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Utility of Naltrexone Treatment for Chronic Inflammatory Dermatologic Conditions: A Systematic Review

Utility of Naltrexone Treatment for Chronic Inflammatory Dermatologic Conditions: A Systematic Review
Publication Type
Journal Article
Research Type
Reported as
November 28, 2018
C. Ekelem, M. Juhasz, P. Khera, N.A. Mesinkovska NA
University of California, Irvine, Howard University Hospital

IMPORTANCE: Dermatology is encountering increasing rates of autoimmune disease manifesting in primary skin conditions that are difficult to treat without a risk of immunosuppression. Naltrexone is an orally active opioid antagonist that influences a variety of systemic pathways, including the immune system, in low doses of 1.5 to 4.0 mg/d. This phenomenon has piqued the interest of researchers and practitioners in regard to low-dose naltrexone's potential in the treatment of several autoimmune conditions.

OBJECTIVE: To review the existing literature on naltrexone treatment for dermatologic conditions.

EVIDENCE REVIEW: A primary literature search was conducted using PubMed in April 2018 for all articles published from 1971 to April 2018. Search terms consisted of naltrexone or low dose naltrexone or low-dose naltrexone and dermatology or skin or hair or nails. Reviews, animal studies, and nondermatologic and pharmacologic studies were excluded.

FINDINGS: From 1037 articles, 22 were deemed to be appropriate for inclusion in this review for a qualitative synthesis. The 22 articles included randomized clinical trials, case reports, and series. There were 7 articles on low-dose naltexone, 1 on topical naltrexone, and 14 on high-dose naltrexone use in dermatology. In high, low, and topical doses, naltrexone was effective in treating pruritus attributable to atopic dermatitis, prurigo nodularis, cholestatsis, burn injury, systemic sclerosis, Hailey-Hailey disease, and lichen planopilaris. High-dose naltrexone was ineffective in treating flushing and uremic pruritus most likely because of the lack of opioid involvement in the pathophysiologic mechanisms of these conditions.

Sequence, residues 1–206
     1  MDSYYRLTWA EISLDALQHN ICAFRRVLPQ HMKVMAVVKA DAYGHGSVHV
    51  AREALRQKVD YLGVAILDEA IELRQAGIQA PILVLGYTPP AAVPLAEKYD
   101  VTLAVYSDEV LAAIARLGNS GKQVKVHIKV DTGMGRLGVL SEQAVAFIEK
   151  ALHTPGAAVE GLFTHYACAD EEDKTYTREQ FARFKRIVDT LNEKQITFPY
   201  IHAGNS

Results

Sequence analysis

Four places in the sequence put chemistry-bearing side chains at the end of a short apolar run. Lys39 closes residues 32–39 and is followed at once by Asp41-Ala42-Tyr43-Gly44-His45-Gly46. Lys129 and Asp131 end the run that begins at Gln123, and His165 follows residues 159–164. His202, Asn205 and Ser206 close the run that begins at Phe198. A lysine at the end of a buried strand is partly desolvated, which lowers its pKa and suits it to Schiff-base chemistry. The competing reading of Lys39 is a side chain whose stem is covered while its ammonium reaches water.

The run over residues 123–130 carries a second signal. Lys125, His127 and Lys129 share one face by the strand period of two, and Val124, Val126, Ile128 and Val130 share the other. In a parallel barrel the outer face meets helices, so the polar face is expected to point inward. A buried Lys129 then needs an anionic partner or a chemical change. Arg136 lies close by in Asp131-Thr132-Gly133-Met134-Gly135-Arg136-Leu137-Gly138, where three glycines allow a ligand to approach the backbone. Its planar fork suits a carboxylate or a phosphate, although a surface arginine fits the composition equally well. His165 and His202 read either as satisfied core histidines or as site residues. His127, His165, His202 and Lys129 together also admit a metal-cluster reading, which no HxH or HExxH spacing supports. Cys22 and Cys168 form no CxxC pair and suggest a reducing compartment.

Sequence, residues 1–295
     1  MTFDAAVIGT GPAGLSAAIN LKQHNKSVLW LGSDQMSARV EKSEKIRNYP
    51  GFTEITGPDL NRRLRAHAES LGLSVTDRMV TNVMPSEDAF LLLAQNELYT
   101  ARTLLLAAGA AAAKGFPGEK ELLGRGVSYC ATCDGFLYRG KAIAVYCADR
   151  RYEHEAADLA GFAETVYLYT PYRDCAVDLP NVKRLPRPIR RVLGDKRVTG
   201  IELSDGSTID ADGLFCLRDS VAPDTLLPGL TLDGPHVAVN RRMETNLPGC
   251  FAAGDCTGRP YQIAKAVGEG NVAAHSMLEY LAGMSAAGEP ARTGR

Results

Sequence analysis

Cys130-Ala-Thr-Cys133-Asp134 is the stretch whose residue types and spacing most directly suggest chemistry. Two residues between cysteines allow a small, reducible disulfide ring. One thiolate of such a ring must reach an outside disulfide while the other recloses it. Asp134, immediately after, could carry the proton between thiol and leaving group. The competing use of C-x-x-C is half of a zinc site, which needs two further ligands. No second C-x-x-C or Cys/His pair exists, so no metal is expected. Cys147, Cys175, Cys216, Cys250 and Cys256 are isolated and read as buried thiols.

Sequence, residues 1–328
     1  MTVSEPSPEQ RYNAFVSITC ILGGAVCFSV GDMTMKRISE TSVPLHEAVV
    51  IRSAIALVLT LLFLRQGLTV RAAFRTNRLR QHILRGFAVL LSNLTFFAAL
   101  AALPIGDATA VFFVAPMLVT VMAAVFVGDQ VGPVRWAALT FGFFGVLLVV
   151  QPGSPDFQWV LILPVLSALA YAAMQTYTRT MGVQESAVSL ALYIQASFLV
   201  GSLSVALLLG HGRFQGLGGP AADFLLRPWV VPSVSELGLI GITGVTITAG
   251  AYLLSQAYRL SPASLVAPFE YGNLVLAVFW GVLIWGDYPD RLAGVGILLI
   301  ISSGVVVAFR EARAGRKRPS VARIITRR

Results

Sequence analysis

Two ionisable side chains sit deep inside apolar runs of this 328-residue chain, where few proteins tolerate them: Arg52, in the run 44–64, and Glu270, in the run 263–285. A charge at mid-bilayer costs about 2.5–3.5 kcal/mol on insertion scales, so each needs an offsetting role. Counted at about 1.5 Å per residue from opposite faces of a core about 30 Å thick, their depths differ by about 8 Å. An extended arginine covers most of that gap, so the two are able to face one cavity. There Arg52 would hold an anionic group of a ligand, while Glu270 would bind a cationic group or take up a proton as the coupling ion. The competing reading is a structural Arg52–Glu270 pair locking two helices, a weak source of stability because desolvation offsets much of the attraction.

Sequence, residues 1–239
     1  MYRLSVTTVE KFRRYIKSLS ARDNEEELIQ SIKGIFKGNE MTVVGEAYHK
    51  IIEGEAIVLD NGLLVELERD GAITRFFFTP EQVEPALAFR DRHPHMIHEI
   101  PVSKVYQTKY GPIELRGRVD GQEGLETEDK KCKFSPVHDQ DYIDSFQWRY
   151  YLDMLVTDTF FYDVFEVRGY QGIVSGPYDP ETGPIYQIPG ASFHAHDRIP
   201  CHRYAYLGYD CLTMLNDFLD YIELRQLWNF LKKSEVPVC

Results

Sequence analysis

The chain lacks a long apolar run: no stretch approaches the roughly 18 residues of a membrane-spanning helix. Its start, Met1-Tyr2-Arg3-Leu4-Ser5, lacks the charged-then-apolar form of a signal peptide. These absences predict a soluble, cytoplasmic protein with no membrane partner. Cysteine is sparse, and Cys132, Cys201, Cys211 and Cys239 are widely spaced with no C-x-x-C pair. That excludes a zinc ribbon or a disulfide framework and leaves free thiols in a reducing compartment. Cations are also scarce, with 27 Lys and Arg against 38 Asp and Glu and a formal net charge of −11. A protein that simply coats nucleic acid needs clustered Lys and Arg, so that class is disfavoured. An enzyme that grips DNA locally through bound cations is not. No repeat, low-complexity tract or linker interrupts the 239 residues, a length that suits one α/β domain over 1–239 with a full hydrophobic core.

CONCLUSIONS AND RELEVANCE: The findings suggest that low-dose naltrexone is safe and effective in the treatment of Hailey-Hailey disease and lichen planopilaris and both low- and high-dose naltrexone successfully treat pruritus attributable to various pathologic conditions; however, more adverse effects occurred in those taking high doses. Low-dose naltrexone has the potential for the treatment of chronic inflammatory skin conditions; however, additional evidence is needed for dosing and long-term treatment guidelines.